The title of the last Harry Potter book has been announced: Harry Potter and the Deathly Hallows. It seems that Rowling has come up with yet another title containing unexpected content. Is a Deathly Hallow a place or person? Remember that “hallow” as a noun (obsolete) is derived from Old English halga “saint” and is related to hālig “holy” (from which “holy” descends). I’m wondering whether the meaning of “hallow” might’ve been extended to the sense of “spirit”.
Highlights of the last volume? Hermione and Ron end up having a drunken shag, and she gets pregnant.
“How could you, Hermione?” said Professor McGonagall looking disappointed.“We’re British teenagers,” said Hermione shrugging her shoulders. “You have to admit that if all the sex education we get here is to watch a couple of hippogryphs at it, then it’s small wonder that most of the girls in the 6th form are pregnant.”“They’re pregnant?! Ah well,” said Professor McGonagall philosophically, “I suppose being a lesbian has its advantages in this case.”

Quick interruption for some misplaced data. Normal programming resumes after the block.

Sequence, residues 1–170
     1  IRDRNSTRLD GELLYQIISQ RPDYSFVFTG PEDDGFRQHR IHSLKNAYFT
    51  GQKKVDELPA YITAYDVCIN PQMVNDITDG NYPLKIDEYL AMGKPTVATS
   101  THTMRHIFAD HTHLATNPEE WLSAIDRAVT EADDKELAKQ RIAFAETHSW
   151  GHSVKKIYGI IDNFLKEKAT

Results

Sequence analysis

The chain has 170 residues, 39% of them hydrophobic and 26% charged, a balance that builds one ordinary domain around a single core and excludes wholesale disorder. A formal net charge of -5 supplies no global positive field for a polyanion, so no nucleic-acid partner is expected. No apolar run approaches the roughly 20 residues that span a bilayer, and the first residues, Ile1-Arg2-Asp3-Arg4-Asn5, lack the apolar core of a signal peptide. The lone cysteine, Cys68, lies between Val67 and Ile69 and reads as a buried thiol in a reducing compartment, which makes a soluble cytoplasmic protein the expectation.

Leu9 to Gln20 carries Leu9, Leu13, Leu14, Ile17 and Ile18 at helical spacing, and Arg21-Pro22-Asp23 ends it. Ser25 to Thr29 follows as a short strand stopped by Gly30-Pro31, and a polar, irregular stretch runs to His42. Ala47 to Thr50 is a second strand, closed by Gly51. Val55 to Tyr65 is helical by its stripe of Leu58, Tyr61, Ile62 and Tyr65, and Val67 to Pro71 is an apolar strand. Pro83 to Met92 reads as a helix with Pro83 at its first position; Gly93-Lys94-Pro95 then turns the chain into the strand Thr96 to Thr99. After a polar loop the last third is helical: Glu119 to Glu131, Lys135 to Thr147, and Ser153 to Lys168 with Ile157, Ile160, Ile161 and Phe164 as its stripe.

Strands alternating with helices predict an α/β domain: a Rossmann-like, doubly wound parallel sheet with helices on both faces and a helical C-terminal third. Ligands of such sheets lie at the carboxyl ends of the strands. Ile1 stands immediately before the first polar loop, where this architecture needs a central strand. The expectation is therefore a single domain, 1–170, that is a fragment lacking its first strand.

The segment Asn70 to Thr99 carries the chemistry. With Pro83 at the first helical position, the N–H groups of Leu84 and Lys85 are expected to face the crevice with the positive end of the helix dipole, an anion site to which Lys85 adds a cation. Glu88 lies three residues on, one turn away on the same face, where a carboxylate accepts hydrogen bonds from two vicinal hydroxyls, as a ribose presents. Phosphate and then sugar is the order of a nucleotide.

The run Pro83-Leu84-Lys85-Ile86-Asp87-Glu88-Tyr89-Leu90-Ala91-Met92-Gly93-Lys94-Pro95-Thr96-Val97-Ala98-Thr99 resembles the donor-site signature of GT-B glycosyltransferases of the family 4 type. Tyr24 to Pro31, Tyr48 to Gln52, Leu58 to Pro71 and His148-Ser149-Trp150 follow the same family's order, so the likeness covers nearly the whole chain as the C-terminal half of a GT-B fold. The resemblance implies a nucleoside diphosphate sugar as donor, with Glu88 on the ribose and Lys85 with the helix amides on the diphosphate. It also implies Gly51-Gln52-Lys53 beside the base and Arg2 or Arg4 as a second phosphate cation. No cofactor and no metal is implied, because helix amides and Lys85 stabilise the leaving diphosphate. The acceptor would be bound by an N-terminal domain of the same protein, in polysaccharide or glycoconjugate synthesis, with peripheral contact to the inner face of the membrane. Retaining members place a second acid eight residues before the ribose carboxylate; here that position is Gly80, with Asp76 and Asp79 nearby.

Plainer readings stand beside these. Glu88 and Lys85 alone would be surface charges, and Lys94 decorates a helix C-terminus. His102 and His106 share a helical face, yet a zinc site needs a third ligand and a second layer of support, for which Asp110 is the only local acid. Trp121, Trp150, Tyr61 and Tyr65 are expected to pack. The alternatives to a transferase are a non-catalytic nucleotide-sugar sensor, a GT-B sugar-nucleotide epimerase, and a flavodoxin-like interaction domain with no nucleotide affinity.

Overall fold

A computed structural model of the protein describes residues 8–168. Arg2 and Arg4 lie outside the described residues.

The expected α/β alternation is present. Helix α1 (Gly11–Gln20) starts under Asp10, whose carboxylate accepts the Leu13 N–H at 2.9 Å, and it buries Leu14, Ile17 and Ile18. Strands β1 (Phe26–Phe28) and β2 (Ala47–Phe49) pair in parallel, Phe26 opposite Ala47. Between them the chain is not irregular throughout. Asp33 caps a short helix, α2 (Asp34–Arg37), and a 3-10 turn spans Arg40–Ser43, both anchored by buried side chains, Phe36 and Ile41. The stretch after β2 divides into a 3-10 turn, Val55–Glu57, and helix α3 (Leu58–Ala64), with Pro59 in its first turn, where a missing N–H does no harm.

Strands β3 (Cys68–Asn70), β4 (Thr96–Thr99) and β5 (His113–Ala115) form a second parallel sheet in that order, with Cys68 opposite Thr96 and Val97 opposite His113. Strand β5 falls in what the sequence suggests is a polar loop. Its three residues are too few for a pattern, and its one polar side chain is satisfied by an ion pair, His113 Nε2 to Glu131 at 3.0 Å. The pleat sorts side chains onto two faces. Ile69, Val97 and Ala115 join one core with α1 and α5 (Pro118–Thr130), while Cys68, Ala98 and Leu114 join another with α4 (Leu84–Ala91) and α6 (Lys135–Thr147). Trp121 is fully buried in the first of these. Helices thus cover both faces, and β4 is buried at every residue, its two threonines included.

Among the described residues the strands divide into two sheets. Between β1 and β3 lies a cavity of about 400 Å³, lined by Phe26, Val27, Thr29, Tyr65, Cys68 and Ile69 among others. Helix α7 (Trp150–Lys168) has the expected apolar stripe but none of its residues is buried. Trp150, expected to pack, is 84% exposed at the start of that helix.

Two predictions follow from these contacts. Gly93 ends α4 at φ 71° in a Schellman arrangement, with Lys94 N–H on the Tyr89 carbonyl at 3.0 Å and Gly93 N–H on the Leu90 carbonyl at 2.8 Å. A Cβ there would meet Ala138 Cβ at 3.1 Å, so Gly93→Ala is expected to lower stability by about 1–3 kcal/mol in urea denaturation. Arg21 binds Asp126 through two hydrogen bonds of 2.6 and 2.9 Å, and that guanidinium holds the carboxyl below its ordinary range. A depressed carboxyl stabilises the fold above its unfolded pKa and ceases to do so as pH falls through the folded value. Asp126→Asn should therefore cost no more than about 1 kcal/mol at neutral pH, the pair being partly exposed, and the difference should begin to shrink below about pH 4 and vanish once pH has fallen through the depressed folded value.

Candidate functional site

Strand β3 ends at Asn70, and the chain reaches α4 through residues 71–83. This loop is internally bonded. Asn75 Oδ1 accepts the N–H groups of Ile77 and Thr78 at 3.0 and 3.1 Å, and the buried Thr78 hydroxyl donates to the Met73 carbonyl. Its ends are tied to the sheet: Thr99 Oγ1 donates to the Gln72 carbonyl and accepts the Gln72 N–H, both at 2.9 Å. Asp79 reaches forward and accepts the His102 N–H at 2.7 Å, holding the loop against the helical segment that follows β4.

Harry has his final encounter with Voldemort.
Suddenly, out of the gloom, Voldemort appeared, but did not appear to have seen Harry. In his hand was a leash and at the other end was Snape in a posing pouch.“Professor?” Harry blurted out in surprise.“Hello, Harry,” hissed Voldemort. “So now you know the truth. Now you know why you never fancied Hermione, and why you rejected Cho Chang and Ginny Weasley.”“I don’t understand.”“Because, Potter,” sneered Snape, “being a wizard is gay.”“But what about my parents? What about Ron and Hermione?”“There are always a few heteros in every generation,” said Voldemort. “Did you never wonder why none of the teachers at Hogwarts were married?”“Crippling shyness?” Harry glanced at Snape again.“That’s right, Harry. Snape was always my bitch.”